Words Never Spoken features the sounds of some 19 different instruments (I counted), yet none found in conventional orchestral or vernacular music. They include many types of unconventional tuned percussion like clay flower pots, steel bowls, glass bottles, but also a “string box,” a “whirly” and a “blown tuned cider jug.” It’s all annotated in the detailed liner notes. Clearly the source of the sounds they make is of prime significance to the duo; despite these instruments’ humble everyday origins, when repurposed to produce music they reveal a process of magical transformation, a form of instrumental wabi-sabi aesthetic. Moreover, another reveal is the emotion felt by both musicians and listeners directly conveyed by sounds produced physically in the acoustic realm, unmediated by electrical currents which add their own subtle flavours.
The Courtroom is a mini drama with both spoken and sung narrative by Hallett and richly textured instrumentation evocatively scored by Minden. The initially hummed modal melody is extended by the addition of a broken chord accompaniment on a Steinway grand, evoking the spirit of certain works by Erik Satie. Are You Now (remix) again features a piano backbone, revealing yet more glimpses of what sound like a nod to Satie’s minor modal harmonic palette, plus a very convincing blown-bottle bass line.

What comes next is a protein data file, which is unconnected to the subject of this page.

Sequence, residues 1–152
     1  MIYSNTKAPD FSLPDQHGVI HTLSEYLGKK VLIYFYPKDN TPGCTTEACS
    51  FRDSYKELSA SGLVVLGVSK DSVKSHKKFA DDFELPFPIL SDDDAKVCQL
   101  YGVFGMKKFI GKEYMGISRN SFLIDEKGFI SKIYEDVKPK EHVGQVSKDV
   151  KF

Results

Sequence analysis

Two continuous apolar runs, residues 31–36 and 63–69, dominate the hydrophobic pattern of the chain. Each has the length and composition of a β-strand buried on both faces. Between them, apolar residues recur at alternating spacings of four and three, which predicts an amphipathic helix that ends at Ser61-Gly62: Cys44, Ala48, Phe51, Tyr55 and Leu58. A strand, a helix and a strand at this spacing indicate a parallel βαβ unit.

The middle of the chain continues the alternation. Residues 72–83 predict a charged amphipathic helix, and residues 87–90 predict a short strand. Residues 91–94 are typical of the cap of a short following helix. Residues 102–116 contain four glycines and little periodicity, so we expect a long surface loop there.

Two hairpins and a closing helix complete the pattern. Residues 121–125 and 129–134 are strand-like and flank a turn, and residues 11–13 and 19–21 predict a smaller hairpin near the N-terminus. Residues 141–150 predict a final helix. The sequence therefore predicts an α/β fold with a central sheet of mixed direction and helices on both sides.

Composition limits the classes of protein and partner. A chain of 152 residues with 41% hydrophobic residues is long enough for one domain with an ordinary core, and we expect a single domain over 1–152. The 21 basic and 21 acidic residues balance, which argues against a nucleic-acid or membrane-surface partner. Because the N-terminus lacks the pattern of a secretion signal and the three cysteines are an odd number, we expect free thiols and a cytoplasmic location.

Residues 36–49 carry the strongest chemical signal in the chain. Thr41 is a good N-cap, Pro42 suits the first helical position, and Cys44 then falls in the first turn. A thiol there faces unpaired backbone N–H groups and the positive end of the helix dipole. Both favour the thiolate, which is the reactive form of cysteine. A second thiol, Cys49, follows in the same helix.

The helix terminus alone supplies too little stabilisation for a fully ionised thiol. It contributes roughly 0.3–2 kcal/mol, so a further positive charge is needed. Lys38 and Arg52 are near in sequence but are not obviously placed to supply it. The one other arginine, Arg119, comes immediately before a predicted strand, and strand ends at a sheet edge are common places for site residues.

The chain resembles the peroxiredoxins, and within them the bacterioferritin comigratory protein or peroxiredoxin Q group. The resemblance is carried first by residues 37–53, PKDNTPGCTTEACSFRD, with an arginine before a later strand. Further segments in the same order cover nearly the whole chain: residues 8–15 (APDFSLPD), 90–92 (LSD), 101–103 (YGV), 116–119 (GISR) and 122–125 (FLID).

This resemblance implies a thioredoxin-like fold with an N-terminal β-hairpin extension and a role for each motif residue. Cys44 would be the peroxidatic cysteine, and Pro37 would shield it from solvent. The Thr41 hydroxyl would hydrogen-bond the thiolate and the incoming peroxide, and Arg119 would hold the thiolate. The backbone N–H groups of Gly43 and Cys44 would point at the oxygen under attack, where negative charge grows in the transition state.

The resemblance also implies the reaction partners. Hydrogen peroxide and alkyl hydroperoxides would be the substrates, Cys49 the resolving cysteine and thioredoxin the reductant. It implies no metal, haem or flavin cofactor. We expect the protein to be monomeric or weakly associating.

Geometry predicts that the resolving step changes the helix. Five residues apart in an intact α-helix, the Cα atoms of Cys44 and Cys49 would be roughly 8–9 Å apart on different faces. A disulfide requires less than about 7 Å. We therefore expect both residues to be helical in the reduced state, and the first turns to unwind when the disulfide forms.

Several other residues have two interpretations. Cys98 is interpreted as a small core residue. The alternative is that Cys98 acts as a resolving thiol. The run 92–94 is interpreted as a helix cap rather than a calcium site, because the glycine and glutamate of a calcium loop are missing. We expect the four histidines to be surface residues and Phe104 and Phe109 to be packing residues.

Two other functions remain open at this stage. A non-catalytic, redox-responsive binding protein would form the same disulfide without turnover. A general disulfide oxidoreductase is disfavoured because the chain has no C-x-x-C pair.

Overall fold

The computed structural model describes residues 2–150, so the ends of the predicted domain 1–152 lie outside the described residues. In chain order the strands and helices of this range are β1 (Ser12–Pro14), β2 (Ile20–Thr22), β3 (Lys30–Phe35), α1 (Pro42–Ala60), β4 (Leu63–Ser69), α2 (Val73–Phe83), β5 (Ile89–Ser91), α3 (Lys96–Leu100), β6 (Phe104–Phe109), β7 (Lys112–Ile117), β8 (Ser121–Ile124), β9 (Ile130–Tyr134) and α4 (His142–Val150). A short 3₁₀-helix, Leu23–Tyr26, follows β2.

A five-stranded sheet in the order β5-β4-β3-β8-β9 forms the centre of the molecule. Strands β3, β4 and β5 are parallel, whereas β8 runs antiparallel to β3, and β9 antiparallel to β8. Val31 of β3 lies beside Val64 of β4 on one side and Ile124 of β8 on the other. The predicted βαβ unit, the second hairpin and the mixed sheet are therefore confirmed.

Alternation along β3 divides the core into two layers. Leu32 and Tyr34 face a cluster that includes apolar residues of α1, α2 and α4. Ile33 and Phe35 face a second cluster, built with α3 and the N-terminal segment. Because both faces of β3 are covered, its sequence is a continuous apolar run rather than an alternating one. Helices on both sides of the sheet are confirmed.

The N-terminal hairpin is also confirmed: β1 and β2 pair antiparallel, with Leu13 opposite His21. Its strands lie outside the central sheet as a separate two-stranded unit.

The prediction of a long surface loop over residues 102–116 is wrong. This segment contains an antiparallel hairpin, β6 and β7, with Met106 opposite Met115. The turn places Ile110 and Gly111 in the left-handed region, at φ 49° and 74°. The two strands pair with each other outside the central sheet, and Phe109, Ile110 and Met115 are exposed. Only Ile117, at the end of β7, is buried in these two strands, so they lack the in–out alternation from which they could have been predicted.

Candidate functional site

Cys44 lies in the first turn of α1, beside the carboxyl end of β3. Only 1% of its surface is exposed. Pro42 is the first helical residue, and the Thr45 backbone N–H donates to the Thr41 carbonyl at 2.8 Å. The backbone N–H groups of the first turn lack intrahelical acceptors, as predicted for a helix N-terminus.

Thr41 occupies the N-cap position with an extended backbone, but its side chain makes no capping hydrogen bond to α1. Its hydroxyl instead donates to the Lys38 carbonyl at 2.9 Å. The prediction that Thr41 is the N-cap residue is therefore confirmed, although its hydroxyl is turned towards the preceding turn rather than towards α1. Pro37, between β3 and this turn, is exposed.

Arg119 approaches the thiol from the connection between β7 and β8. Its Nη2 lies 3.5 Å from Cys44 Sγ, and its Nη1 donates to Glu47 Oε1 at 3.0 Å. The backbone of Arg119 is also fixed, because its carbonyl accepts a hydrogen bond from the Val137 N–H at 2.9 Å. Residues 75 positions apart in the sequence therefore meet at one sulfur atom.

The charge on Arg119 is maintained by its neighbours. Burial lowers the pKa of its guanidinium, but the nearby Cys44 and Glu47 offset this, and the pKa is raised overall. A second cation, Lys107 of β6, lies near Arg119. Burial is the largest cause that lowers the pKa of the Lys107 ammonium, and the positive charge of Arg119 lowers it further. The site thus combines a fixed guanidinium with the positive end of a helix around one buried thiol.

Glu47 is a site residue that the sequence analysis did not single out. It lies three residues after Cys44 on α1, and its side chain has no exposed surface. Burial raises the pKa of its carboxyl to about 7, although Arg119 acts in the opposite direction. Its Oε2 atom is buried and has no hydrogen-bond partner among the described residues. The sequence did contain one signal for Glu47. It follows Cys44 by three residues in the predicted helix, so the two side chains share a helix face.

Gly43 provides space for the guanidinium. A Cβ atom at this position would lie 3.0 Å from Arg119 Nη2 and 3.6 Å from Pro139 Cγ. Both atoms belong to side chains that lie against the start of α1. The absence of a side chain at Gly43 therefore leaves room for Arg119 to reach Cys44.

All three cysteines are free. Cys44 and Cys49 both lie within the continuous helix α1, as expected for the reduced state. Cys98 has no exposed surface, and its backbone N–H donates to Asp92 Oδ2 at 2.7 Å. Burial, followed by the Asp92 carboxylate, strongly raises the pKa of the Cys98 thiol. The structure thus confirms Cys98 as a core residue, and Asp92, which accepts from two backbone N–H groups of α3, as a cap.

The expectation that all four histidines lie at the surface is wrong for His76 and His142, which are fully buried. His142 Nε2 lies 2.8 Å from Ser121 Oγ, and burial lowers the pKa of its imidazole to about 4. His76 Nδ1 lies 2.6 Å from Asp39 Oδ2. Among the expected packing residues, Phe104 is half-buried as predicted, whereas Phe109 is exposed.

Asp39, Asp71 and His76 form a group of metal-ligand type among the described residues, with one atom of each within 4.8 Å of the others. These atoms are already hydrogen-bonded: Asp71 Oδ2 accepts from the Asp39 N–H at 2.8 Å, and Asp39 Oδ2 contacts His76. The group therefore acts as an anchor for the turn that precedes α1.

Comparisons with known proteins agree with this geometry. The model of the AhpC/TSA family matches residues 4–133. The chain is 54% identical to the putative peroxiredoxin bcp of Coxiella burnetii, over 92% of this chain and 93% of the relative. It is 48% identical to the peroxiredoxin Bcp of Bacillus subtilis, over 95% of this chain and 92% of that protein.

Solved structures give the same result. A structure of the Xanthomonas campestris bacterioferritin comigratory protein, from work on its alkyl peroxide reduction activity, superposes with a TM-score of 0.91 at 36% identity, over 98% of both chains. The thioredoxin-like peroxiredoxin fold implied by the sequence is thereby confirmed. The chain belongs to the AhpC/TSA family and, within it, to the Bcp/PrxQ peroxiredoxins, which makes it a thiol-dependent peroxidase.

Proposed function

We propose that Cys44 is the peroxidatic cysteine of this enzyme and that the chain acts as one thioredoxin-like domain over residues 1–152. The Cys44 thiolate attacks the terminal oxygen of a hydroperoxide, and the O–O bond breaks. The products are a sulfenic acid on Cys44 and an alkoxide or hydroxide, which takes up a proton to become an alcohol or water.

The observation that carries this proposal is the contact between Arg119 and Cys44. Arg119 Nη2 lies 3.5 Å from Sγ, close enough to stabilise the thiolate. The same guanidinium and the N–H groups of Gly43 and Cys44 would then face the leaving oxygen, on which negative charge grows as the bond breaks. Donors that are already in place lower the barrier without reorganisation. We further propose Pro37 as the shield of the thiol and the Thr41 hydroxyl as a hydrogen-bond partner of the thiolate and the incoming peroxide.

In several songs, including Little Green Secrets, I hear echoes of the melodic, harmonic and lyrical touches of Leonard Cohen. Other songs like Blood Stranger feature Hallett rendering a haunting recitative with echoes, perhaps, of Gregorian chant. Reflection is another modal melody anchored by a simply constructed piano accompaniment realised in a beautifully modulated rubato by Minden. It sounds eerily like a lost Schubert song piano part re-interpreted by Satie, and then in turn by John Cage (I know, I’m stretching here but those layers are present). Hallett’s spare vocal performance with only the gentlest of vibratos is emotionally touching yet devoid of sentimentality. The vocal melody’s restricted range and one tone per syllable text setting conjures up a sere mood. Despite its aphoristic length, this 2:32 work is among the most complete musical statements on the album. Reflection is a perfect marriage of music and words, and is worthy not only of repeated listening here, but also of further performances by a wide range of musicians.
The spoken word narrative of Union Station winds up the storyline articulating the search for personal origins and identity: the album is dedicated “with a tip of the hat to Moses, Superman, Anne of Green Gables… and all the others around the world in search of their stories.”